Plants perennial; cespitose, occasionally appearing rhizomatous or stoloniferous after rooting at the nodes of buried stems, not mat-forming. Culms 10-90 cm, usually erect, sometimes decumbent. Leaves usually distributed evenly along the culms; ligules 1-3 mm, obtuse to truncate, entire; blades 1.5-6 mm wide when flat, flat to involute. Panicles 5-30 cm, compact to diffuse at maturity, lower branches usually erect to ascending, occasionally spreading to descending, spikelet-bearing from near the base or the spikelets confined to the distal 1/2; pedicels from sparsely to densely scabrous, epidermal cells often tumid. Spikelets 3.5-12 mm, with 3-7 florets. Glumes rounded over the back, veins obscure, apices acute to truncate; lower glumes 1-1.6 mm; upper glumes 2-3 mm; calluses with a few hairs; lemmas (2.2)3-4.5(5) mm, herbaceous, glabrous or sparsely hairy on the proximal 1/2, principally along the veins, backs rounded, 5-veined, veins obscure, not extending to the margins, midveins smooth distally, apical margins uniformly and densely scabrous, apices usually acute to obtuse, sometimes acuminate, entire; palea veins glabrous or with short hairs proximally, scabrous distally; anthers 0.5-1.4 mm. 2n = 42, 56.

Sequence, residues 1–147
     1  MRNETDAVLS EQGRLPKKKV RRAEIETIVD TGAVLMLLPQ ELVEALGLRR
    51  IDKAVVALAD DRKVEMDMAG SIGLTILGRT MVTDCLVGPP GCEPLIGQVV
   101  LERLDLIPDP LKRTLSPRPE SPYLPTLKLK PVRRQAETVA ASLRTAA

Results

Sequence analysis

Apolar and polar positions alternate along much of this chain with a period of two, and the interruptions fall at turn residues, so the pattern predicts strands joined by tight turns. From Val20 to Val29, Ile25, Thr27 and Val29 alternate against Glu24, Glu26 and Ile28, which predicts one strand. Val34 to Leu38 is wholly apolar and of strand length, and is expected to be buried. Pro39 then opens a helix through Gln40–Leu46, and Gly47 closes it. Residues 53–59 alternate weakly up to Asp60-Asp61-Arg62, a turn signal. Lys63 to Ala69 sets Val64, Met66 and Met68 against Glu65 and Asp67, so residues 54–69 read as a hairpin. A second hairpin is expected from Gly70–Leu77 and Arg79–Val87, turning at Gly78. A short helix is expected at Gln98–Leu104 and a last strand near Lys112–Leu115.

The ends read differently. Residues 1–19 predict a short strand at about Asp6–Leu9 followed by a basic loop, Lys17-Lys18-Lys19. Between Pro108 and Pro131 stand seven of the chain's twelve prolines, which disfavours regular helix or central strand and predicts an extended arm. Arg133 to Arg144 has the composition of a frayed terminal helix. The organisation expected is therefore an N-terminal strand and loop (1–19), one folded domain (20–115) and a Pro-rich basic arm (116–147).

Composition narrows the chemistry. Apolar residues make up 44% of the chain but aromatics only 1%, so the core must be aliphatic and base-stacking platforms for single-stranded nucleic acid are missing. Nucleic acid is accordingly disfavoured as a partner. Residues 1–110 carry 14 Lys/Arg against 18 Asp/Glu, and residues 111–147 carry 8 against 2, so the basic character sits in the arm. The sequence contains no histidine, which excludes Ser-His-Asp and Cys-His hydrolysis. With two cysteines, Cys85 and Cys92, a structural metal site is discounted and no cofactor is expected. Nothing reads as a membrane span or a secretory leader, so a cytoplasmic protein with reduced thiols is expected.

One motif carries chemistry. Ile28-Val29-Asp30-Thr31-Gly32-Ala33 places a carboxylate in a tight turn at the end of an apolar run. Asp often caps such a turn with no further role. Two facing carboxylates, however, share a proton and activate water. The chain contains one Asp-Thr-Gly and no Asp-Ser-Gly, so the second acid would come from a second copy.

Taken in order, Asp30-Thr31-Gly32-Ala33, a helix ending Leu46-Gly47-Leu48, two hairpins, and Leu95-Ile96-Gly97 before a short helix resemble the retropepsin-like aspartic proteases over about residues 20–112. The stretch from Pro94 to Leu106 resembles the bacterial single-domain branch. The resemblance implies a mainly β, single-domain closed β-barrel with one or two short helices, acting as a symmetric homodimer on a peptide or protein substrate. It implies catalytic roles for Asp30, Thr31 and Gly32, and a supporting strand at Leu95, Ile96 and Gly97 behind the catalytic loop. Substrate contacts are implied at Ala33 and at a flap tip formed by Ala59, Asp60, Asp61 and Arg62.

B.C., Greenland, Man., N.B., Nfld. and Labr., N.S., N.W.T., Nunavut, Ont., Que., Yukon, Alaska, Calif., Wash., Oreg.
Puccinellia nutkaensis grows in coastal habitats of continental North America and Greenland, generally in sand and stones in protected intertidal environments. It is variable in form, ranging from diminutive plants that resemble P. pumila to tall, erect plants, often with dense or open inflorescences, resembling P. nuttalliana. Larger plants on the Pacific coast have been called P. grandis Swallen, and those on the Atlantic coast P. lucida Fernald & Weath., but there are many plants of intermediate stature.